It's colloquial language. "Easy to look at" is a joking way of saying "attractive." The idea is that an unattractive person hurts the eyes and is difficult or unpleasant to look at, but an attractive person is easy to look at.
"Not to mention..." introduces an additional thought, a side-issue that isn't part of the main idea.
These three sentences each say the same thing. In the 1980s they would all have been acceptable in the United States. Now, feminists have made us aware that it is not appropriate for men to be constantly telling everyone that they are paying attention to how women look.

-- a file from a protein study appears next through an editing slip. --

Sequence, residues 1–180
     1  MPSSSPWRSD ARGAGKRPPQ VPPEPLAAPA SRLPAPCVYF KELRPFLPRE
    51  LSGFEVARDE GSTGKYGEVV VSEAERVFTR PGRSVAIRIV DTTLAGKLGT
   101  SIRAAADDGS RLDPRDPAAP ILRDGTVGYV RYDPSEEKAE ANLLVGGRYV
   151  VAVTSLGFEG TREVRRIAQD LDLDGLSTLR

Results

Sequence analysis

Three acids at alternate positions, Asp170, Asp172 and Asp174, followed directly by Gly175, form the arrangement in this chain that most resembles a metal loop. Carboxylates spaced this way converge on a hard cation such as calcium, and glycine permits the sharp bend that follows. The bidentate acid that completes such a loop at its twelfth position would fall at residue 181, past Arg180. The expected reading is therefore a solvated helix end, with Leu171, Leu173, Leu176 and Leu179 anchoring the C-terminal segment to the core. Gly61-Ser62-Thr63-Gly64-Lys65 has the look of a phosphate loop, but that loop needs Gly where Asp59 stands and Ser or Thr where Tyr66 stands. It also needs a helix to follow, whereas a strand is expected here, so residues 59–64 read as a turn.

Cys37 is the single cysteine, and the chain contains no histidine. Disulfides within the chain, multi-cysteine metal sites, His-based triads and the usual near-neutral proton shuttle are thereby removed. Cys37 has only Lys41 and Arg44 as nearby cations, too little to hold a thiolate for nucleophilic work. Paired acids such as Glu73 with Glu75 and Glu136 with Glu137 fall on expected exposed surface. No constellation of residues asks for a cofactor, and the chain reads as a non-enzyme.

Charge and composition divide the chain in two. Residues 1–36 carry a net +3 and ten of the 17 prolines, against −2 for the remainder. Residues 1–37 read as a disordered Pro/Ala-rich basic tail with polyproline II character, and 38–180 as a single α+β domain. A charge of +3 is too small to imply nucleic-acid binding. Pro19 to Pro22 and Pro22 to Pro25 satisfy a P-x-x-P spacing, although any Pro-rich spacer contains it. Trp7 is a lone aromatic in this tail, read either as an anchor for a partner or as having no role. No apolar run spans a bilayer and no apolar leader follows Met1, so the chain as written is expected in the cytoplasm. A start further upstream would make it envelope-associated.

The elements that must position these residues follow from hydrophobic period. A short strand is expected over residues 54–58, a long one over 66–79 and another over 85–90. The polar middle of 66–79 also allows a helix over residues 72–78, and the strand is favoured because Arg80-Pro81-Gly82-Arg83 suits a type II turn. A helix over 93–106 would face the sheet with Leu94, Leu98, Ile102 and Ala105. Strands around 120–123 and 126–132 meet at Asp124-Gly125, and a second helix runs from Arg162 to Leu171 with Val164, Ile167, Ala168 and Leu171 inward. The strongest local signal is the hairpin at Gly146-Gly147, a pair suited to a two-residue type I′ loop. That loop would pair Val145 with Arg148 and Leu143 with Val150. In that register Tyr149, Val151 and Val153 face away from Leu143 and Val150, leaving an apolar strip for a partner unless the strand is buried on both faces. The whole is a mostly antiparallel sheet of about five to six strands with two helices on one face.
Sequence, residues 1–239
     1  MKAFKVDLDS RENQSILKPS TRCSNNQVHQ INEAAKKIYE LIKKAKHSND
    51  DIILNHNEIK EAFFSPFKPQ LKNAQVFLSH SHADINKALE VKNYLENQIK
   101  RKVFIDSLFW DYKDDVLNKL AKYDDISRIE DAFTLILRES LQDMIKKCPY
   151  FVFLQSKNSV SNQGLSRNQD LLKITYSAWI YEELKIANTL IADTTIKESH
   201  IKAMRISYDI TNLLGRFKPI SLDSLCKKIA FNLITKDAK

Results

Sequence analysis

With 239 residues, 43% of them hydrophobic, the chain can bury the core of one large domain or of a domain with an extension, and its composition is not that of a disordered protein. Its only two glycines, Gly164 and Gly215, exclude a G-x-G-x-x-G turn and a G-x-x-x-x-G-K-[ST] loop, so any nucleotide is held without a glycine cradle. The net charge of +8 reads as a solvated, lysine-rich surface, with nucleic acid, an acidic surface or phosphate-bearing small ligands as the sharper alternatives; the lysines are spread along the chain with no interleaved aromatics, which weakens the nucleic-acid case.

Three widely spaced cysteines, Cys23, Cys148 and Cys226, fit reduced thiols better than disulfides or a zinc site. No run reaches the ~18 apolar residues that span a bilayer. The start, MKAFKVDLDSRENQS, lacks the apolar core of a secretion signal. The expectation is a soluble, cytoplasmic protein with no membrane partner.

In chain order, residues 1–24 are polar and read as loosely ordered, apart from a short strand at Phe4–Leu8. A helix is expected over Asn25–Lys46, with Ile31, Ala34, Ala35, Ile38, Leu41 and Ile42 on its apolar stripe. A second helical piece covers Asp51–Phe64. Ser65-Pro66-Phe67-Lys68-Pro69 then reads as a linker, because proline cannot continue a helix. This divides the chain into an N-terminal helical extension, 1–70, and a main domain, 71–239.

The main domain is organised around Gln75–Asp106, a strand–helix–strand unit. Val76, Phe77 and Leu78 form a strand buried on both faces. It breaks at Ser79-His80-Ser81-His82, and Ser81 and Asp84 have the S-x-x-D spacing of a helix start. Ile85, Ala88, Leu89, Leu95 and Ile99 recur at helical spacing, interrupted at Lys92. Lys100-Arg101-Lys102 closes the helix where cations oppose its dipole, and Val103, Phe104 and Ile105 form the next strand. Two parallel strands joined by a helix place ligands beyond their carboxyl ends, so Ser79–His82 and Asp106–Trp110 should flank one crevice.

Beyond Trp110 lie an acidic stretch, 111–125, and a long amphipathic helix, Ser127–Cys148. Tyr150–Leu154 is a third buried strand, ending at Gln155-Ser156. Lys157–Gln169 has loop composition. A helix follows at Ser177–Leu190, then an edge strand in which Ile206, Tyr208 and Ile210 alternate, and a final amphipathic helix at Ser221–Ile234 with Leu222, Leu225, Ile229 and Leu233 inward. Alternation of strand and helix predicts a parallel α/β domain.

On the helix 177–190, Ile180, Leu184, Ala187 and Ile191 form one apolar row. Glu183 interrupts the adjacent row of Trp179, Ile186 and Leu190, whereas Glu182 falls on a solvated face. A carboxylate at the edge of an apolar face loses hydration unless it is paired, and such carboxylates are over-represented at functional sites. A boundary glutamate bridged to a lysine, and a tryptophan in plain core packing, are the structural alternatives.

1) "She's a very good secretary, plus she isn't hard on the eyes."
2) "She's a very good secretary, not to mention easy to look at."
3) "She's a very good secretary, and as a bonus she's good-looking."